The Courier News from Blytheville, Arkansas on July 1, 1936 · Page 23
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The Courier News from Blytheville, Arkansas · Page 23

Blytheville, Arkansas
Issue Date:
Wednesday, July 1, 1936
Page 23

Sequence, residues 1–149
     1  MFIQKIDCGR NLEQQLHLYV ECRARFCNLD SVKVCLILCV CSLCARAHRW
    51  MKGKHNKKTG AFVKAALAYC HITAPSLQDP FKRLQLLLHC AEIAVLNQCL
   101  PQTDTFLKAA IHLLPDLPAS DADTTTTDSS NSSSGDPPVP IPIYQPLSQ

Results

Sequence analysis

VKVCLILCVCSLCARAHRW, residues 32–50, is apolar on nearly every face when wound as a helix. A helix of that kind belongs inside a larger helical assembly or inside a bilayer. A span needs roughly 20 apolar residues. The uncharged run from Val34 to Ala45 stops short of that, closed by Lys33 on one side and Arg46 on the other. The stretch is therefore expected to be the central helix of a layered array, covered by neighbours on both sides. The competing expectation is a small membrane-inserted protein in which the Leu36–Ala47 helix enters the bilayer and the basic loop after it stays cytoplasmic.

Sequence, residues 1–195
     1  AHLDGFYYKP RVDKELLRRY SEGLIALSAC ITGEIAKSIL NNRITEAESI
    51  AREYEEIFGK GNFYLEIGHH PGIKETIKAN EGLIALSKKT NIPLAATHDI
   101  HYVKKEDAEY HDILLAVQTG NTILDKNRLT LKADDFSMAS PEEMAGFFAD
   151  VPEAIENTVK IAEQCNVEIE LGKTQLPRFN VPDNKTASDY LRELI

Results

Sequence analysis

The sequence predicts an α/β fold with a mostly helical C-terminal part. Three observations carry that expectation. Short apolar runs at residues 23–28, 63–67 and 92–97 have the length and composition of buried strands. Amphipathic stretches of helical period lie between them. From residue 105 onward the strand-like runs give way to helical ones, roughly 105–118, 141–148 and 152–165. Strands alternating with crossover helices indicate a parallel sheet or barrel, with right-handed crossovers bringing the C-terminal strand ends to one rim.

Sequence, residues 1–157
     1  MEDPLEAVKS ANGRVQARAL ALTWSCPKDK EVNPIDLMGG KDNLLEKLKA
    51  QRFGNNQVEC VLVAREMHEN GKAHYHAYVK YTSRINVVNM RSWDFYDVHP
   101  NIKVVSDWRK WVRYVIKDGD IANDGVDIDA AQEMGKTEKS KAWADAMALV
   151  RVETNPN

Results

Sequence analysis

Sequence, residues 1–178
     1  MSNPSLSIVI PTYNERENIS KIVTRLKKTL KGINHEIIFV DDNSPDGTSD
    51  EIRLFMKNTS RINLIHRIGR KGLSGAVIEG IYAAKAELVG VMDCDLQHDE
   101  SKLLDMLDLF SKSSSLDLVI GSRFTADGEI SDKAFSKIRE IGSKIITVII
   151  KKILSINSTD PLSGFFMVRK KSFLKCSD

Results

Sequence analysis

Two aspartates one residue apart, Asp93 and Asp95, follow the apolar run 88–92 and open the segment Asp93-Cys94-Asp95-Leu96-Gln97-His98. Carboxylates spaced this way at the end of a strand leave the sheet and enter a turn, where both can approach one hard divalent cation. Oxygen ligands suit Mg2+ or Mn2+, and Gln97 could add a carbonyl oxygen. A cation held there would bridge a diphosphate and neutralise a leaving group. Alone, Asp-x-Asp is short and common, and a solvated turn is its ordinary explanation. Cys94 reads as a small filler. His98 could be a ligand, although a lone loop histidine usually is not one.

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\ WEDNESDAY, JULY j, HLYTIIISVILLM, (AUK.) COURIER NEWS fi PAGE -f:i: World's Biggest Cotlon Farm Sends lls Crop to llie Gin Seed Carefully Selected (o Si/cc of Stalk and Number of Bolls Making a cluster of cotton bolls Slow where only a few had grown before is H ls breeding secret ol Wilson Type Bit; Boll Colton, accomplished by a process of ta lion, elimination, and rotation in planting Ihc choice seeds. Cotton seed breeding hus for several ;years been the pride of the Lee Wilson company farms. Hundreds of visitors have attended exhibits of the breeding farm at whicn Ice- lures fl"d demonstrations have been held to explain the process breeding Wilson Type Big cotton. To carry Ihc process lo its perfect completion, uu exclusive was installed to gin this speciii type of cotton. No other coltoi than I'ftis type is ginned throngl the big 10-siand gin. Tt has long been the habit of in- lure lo outwit some of the best known practices of science in botany and agriculture, but as nearly as possible the process of developing the Wilson Typ: colton has defeated her trick of making some stalks smaller and with limbs that have less bolls than others, even though the plants originated from Iho same seed. Seed from llie best individual stalks arc carefully selected, seed from each stalk is used to plant separate rows. From each row are selected the 12 best stalks. Ihe seed from which is planted in an increased plot the second year. From this increased plot all of the best stalks are selected, and a large plot planted the following year. .Tile main selection is made for the size of the stalk and the number of bolls on each limb. Sixty acres arc devoted to breeding the Wilson Type Big Boll cotton, under the direction of John E. Grain, farm manager fur the Les Wilson Company. Tiie breeding is developed from the Cleveland Big Boll Cotton. Tile entire collon acreage of the . 37,000 acres of farms operated by the Lee Wilson Company is planted from the seed of this breeding farm, and a large quantity of seed is sold to farmers in other colton growing districts. Pickers brills their cotton to be weighed, ft Is then ioifcci. ::i w t\»cns U) be luule;! lo (he Din. T-:J r.-jlurc below ihcws or more loads awiiilh::] their turn at Hie Lee Wilson Company's big concrete 10-slaml gin at Wilson. Wilson Timber Products Are Shipped Throughout U. S. and Abroad The first Industry of Ilic Lee Wilson Company, lumber, Is sllll fin Impoiiiinl factor In Us operations In Iho company's wholesale lumber depiutmcnl there arc today employed 250 men. In nddlllon Ic I'rio numerous men engaged In cul- ting mill rojis r itcllvi timber to this $92,000 Investment in 10- Sland Plant, Housed in Concrete Buildmg Two Doctors and Laboratory Technician Guard Health of Community Keeping the 10,000 members of the families of Lee Wilson Company employes in good physical condition is no small task for two physicians. They have been provided with a modern clinic, just back of the administration building. The clinic is headed by Dr. N. B. Ellis, graduate of the University of Tennessee Medical College, and Dr. E. H. Cox, a. graduate of the University of Illinois. Ilie clinic is equipped with modern emergency appliances, implements and equipment, including a diathermy lamp for sprains and fractures, x-ray, fluoroscop? and a fracture table. And there is a full time laboratory technician to make all laboratory tests. The Lee Wilson Company has arranged for the care of its em- ployes' health by a plan whereby each employe is assessed 51 a month if single and 51.50 a month if married, which insures them medical attention without further expense, except in extraordinary cases of pernicious diseases and ob- To handle the colton from the Wilson •company'. 1 ! tliousaiuls of acres requires a set-up of gins scattered throughout t'nc Wilson holdings, with Iwo located in town. The newest was completed in 1930 and it is considered one of the finest In the world. The building is of reinforced concrete, in which arc installed ten 80-saw stands, gin is electrically operated by individual motors. The driers which are used in this new gin were invented by the manager of I'M entire gin operations of Ihe Lee Wilson Company, A. J. Landrcm, who claims they ad;l from S2 to $14 a bale to the value of the cotton. The savings which the company has been able lo make through low insurance rates on Ihis new gin. will pay for Ihe construction of it in 20 years, according to Mr. Laii- drum. The entire investment involved in erecting the building installing Ihc equipment was" $92,'COO. Only the Wilson Type Big Boll Cotton is ginned through this new gin, which makes it almost an exclusive gin for the cotton from t'rie Wilson farms; however, other fanners who grow this type of cotton arc given service at the gin. There is one other gin located at Wilson which Is used for gcn-| eral patronage of farmers in the territory of the town. Bol'h gins run full capacity during the cotton season. There arc five oilier gins local- cd in the various towns of the Wil- EOII holdings, and all are of concrete construction except the one at, Bassctt. The Armorel gin is equipped wit'n eight 80-saw Hardwicke-Etler stands and is run with fuel, while the Victoria gin is a five 80-saw gin .of Ihe same make, but it is run with steam power. There are also gins at Kciser, Marie and Basselt. These gins have handled as 'high as 30,000 baJes of cotton during a season. said Mr. Hill, "only retained his Interest in the plan abont 500 ncres. Now we have 10,- iiml h at present one of the dl rectors of the company. Since Mr ; plantation, Mr. Hill has also ac- Iract of land for with that of the wholesale lumbe himself, which he farms. yard under the direction of A. K, One ot the first gins operated by Ihe Lee Wilson Company is at Ma- The plant converts lumber and in First Store at Wilson veneer into boxes or nil kind:i. cares for the ginning in that com- Products nre shipped northeast United States nnd Canto Washington state, Francisco, and Mexico, nnd lo Ihe Rio Grande valley for cilrus fruit growers nnd (o. New Orleans and Florida for export. mill. These men are scattered from Hughes. Ark, lo tllckman, Ky. 'Iho Umber holdings at the present lime are on Peters islnnd, near Hughes. Ark., where there 1? exceptionally line collomvood, willow and Vmrdwooil; Dean's Island, cot- lonwcod and hnrdwood; blgler'i island, nnci collomvood mid some hardwood, find on plorco Maud hour cnrulticrsvllle, In aildlllbn lo Eome sluall roinnlnliig Irnets of virgin timber on the mainland, - A great deal of raw material Is secured' by buying logs along the Mississippi river, This timber Is might in by river, mil nnd Iruck. The present mill of llio L«O \Vil- oii Company 1ms a chilly capacity )f from 60 lo 60 thousand feet of umber and 10 lo 15 thousand feel )f veneer. The lumber Is yariiwl al Vllson, all' mid kiln-dry cOlldlllim- !d, nller wliloh 11 IS ahlppod to all inrls ot Ihe United Stales nnd foreign countries. Tho mill Itself Is of modern reinforced sleet and cbiicroU! construction, with wood cushions Unit prevent this vibration of the machinery from affecting; llio billld- '•$' . Only tho upper (jmdos ot lumber aro. sold, tlib ibwor graded being usfd in llio manufacturing planl Smart Atmosphere Is Combined With Fricndl) Hospitality One of Ihc most nllrnctlve and enjoyable places In Wilson h tliu new Wilson Tavern, which was opened last September, H is ell- ualcil nl the right, of the park that fronts the ndmlnlslTallon building. The plcluresquo rcslaiirant li constructed ot red brick In ott English design, with n tinted oir. while celling done In n bcamc; cIVcct, which linnj white tjlcbcd-llshls trimmed modern design of mclal. nnd sun pcndccl on henvy metal chains The walls arc n soft gray, set with numerous Biiuill-piincd windows ol old Eniill::h ' inillcrn. The lavcrn has a smart, modern atmosphere (hat Is graced with friendly, cheerful hcspltnltly. dispensed by the hcslcss. Mi-ii." "Raymond Coiner There Is all the Intimate comradeship of an old world tavern In llili little rcslnrrant at Wilson. Em- ployes meet there for a drink am lo talk over acme plan, or for a friendly chat In (he evening. Al the breakfast, noon, and dinner hours It Is a litisy place, for It enjoys iv ticncroiiR patronage the losklciili; and employes Valley and Southern Serves Rich Faim Area and Four Industiies ;. The Delta Valley nnd Soudicfn!: Railway Co.. was organized Jane' 37, 1034 nnd received 1H ccrtl- 'Icnlc of public convenience an'd icccsslty from the Interstate Conu nerco Commission on August 1,' 1»34. . ,..,' The corporation wns organized* by C. 1;. Dcnton, L. P Nicholson/ :. W. Ferguson and oilier citizens' if Mississippi county, who aciii'lr- :d Ihc property formerly kno*Q' is the Evatlalc-Dectcnllk 1 biiincll', of Ihc St. Louis-San Francisco iallwny company, extending from' tviulnlc Junction, ncti Wilson (.({ Dcckcrvllle, In Plonsett .llstunc.e of 18.1 mile present cori>oratlon Is Whllo the' yj(j Parents Defend Three 'Rs' PASADENA, Cal. (UP)—An educational requirement committee has reported to the Board of Education that modern education lacks adequate training in the three 'Rs.' Parents, interviewed, supported the demand for more "reading, writing and Yithmetic." stetrical cases, for which there is 'an additional fee. There is also group insurance that provides half pay to employes when ill, and liability Insurance which provides for hospitalization in cases of severe illness and accidents of a serious natiirc. My Compliments To Lee Wilson & Co. On Their i 50th Anniversary Mrs. Sou r a Keiiin, Local Manager western Bell Telephone Co.. _ Wilson, Ark. n One of the oldest employes of the Lee Wilson Company is O. M. Hill, who joined the company when it had its first; small store at Wilson in 1808. Mr. Hill staii- with the company ns a clerk and remained in that capacity until 1903, when lie wns placed in charge of the Marie store. In relating his experiences (luring his early years as manager ol this new store of the Lee Wilson Company, Mr. Hill said llicrc were only three houses in the community when he first arrived, and that there are now 25. "The most difficult part of my start with the new store," said Mr. Hill, "was getting to it after I tad been given the job as manager. I walked part of Ihe way and hed to make the remainder of the way in n boat." "There was not much cleared land at Marie when I first went. Negro Farm Workers n r -, c L i Cared for During Floods boxes, rurniture Mock " and 0 t h e r Products] " *<**<** ° m Are Widely Distributed The Kansas City Shook Manufacturing Company, a Lee Wilson operated industry, provides employment for 210 to 250 men in the factory al Wilson. The manufacturing plant wns organized in 1914 with J. C. Cullom, president and general manager. Mr. Culloin served in that capacity until 1935 when he retired from active management, but cials of the Lee Wilson Company 'that the floods of 1912-13 cost the company something like $300,000, but even with Ihls loss, Mr. Wilson insisted on caring for his negro employes, 500 of whom were fed and cared for until operations of the farms could be resumed. During the time that the saw mill was shut down, following the floods, employes who lived In Wilson paid no rent on their homes except in proportion to the days on which they were employed. IS ii Unit, of this liKlilulry. There | s no waste In this niodcrn nitll as all Irlmmliijr; aro converted into handles ami oilier small articles, while tho remainder Is sold to tenants; of Wilson for wood. Tho • wholesale lumber department Is uriilor.Jfto direction of A H; shoaron, ilo |$ also manned of Ihc Kansas Olty Shook Manufacturing Co.. The sawmill Is ctnllo n dlffcrciil mill from (lie one on which Mr Wilson gave all his cash as n firs payment 50 years ngo, but th present mill is sllll doing Ihc Jol which ho Inleiuled such n mil should do-pny for the clcnrin of new land by milling the lliube from It. •••!•• Fifty years ngo Ihc mill sawci lumber for sale at wholesale dls trlbutlon only, while today It pro pares lumber for rclall and mnke any number of nrllclea incliulln broom ami mop handles, hoe liar dies, and toy broom handles. The sawmill hns n dally cnpaclt of 55,000 feet and cuts all types hardwood. Lumber : from tl mill Is slacked .'on the yard froi CO to QO clnys. Then it Is londc out for shipment lo various pan of the United States. The mill was formerly operate on a 15-ton engine, but n SO-to engine was Installed in 1018, whlc mnkes it possible for it lo cut n high ns 80,000 feet n dny, if ncce* sary. The mill turns out, in nddlllo to lumber, nil types of bulldti material, such ns flooring, cclllu waogn slock, Iruck body nnd It terlor finishing materlnl. Congratulations To The Wilson Interests On Their FIFTIETH ANNIVERSARY Arkansas Power & Light Company Wilson,' Arkansas Electric Power, Ice and Household Electrical .Equipment - M. • L-Gmhan-, Mgr. .Eloise - Wright, - Cashier^ Ihc lown. AH fixtures arc of white and iromlum, nnd nrc kept spotless id [draining. The tables nnd rmitcr nrc of dark wood with latching chairs thai lend a dc- ,dcil corilriiM.'. io Ihc b'righl. wnlls nil lighting cficcls. The tnvcrn air conditioned, which makes delightful ;nnHhii hottest days, nd nn Inviting plncc for molor- sls on the highway lo slop for inch, a cool drink, or dinner. The tnyer'n ^crveii n complete lenu, which may biv nn elaborate llnncr cr a tnsly sandwich. The lavcrn also has an allrnc- Ivc lounge' for women, furnished n incilcrn style, where motorists my refresh themselves after n ong drive. In llio manner of other. buildings in Wilson, the nvcrn Is set In attractive shrubs and has an enclosed garden with concrc'lc flcor, thai Is hedged with greenery. Raymond and Ted Coiner manage Ihe Tavern nsslslcd by Mrs, Collier in the buying and plnii- nhi3 of the menus. Concrete Houses Built LONDON (UP)—Reinforced concrete sin Us, mndc lo look exactly like ordlnnry bricks, nrc helm used in constructing a block o houses In Mnrylcbono. railroad property was the first railicad constructed In Mississippi "ouuly as a common carrier, Imy- Ing been built prior to 1887. Tha railroad property was, first known as (he ncckcrvlllc, Osccoh am( Northern Rnllroad company am{ cncrntcd n;; such until Mnr'cTiI 1301, when Ihc Kansas City, Port Scolt nnd Memphis Rnllroad co$j' pany purchased all of the sldcki The Inllcr company was taken over by Ihe St. Louis-Bin rrari- clsco In 1001 nnd opcralcd Ihe line between Dcckcrvlltc nnd Eva- itnlc Junction until II was sold] Jo, ils present owners In 19M j^ The road traverses one of the mcst fertile agricultural producing leas In tho linked Stiles Jjjj hiding (he IG.COO-aerc colontaiV Ion project nt Ujcss '"t When Ihe road was organized t wns climated that the rjfOSs operating Income for Ihe flrsl 'car would bo $28,205 bill It ran nr In excess of Ihls amount.i-It (as also estimated lhal during, ho' first yenr Ihc road ntcrchimgc with It's connections .175 carloads, while the iccorjjf or Ihc llrst year show lint ovei 4,000 carloads were iiilcrclmnjjc(f. The induslrial department has been successful in locating four new Induslrles durln? the last year. Including llie Wilson collon compress, alfalfa dehydrating mjll, Delta cotton oil mill and a chn- nlng fnctory. Mnny other advan- lagcous Lncluslrlal sites arc available, i J, H. Grain, general manager of Lee Wilson Compinj is piesr- clenl, C. L. Dcnton and L. 5 Nicholson of Tyronza, vlce-presl- dents. C. W. Ferguson, traffic manager, nnd John, F Crnln, general freight ngcnt, both of Wilson, nrc in charge ol oper.- allon ot the road. Water Free at Wilson The new artesian well nt Wilson has a pumping capacity of 500 gallons to Ihc minute. The \valer flows by gravity Inlo Ihe homes from a tank, 132 feel high. No meters arc used and water Is supplied to the homes free. Wilson Veterinary Hospital r Wilson, Ark. sN. Jerome, Veterinarian 1 if i-wr CONGRATULATIONS To Lee Wilson Company On Their 50th Anniversary i , •» St. Louis-San Francisco Railway Company W.-J. Ludwig,Agent Wilson, Ark. 0. L. Young, Superintendent Chaffee. Mo. n. E." Buchanan, Traffic Manager Memphis, Tenn: